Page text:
I’m holding my miracle, Rae. Maybe the elation is because I can breathe again, or maybe it’s because she doesn’t have the third arm we feared she could. This infant is proof that we all, on some level, crave Life. My baby, the one all saucy and soft, has reminded me of a Love I thought left me on the eleventh floor.
At my staging appointment sixteen months earlier a new hematologist, who would head up my BMT, heard rumors about a twenty-two-year-old coming in with a newborn. His team rightfully assumed that this youthful beauty would appreciate an appointment with University of Colorado’s Oncofertility team.
That’s a thing? I feel like ‘onco’ and ‘fert’ only belong together in a joke.
Right after he manifested my nightmare, yes you’ll need a transplant, I was directed to the floor and wing where all the gutted women go.
How many miscarriages? How many Folistem injections? How many sperm collections and tubes of ultrasound gloop? Tissue boxes peppered on every flat, laminated surface.
“You’ll never naturally reproduce again.”
“Bone marrow transplants kill all the eggs in your ovaries, because they are meant to kill you.”
“At least you’ll never menstruate again.”
Don’t say that ever again, to any woman, ever.
So I’m done? That’s it? No more babies for Claire?
Later at home David and I decide that we enjoy Lucy enough & would like to give her a sibling someday. We call our nurse practitioner to green-light the (very expensive) treatment. Two weeks: in two weeks we would collect as many eggs to fertilize as possible. After that they would start chemo and rob my fertility.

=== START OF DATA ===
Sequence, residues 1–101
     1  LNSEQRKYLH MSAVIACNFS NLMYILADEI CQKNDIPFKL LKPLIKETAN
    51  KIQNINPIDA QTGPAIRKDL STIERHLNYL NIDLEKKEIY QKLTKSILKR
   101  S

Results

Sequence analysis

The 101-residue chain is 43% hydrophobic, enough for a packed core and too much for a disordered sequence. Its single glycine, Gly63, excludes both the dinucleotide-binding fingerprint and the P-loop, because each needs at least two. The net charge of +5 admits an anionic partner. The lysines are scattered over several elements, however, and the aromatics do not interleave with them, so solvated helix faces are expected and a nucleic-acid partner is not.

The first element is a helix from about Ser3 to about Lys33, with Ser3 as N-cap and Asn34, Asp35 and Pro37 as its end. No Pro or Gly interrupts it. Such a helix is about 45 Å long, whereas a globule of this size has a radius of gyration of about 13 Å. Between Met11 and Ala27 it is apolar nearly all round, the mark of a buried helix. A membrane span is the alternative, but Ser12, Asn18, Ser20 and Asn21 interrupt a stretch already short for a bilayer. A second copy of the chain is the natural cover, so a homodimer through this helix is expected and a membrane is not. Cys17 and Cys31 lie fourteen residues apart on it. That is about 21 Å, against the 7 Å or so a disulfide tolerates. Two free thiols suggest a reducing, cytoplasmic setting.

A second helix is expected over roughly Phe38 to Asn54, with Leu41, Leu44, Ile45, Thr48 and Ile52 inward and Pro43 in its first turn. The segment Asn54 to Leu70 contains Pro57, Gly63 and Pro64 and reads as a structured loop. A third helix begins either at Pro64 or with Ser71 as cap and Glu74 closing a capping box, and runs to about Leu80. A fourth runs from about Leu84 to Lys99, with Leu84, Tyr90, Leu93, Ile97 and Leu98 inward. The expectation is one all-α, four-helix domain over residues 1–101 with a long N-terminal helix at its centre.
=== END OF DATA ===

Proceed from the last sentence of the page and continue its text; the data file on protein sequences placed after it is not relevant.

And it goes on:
“I have cancer,” I inform my OB-GYN, the woman who, six weeks prior, delivered my baby.
She tears up. “You’re so young. Is Lucy okay?”
“Yep, she is great. I had to stop breastfeeding because the radiation in the PET scans can’t be consumed by babies. And they said I’d start chemo in two weeks, so I wanted to ween her off as soon as possible. My boobs hurt, but she loves the formula.”
Also, we are now a robot family now. Here is my metal cervix for you check.
“Okay, let me know how I can help. University of Colorado Hospital has an incredible oncofertility team; you’re in great hands.”
You mean their great hands are in me.
With pregnancy hormones still racing around inside, David did the job of a true hero by injecting more of them into my ass cheek, inducing the ovulation of the century.
Goodnight mouse…goodnight house…goodnight to the old lady whispering hush…Goodnight room…goodnight moon…zzzzz
At night after we put Lucy down David and I began the routine of flushing my trilumen port before confusing my body with fertility drugs. Wait, we just had a baby, why the hell are we producing all these eggs again?!
First the port: sterilize with the alcohol wipes whose smell still makes me rage-y, inject saline into all three exposed IV lines dangling out of my chest, re-sterlize, cap off so my insides don’t drip out.
Then switch gears from cleaning a dying wife’s hardware to trying to help harvest life from the dying wife.
Fourteen days later, all the ripe, plump eggs trapped in my healing uterus were ready for harvesting.
This is my last chance.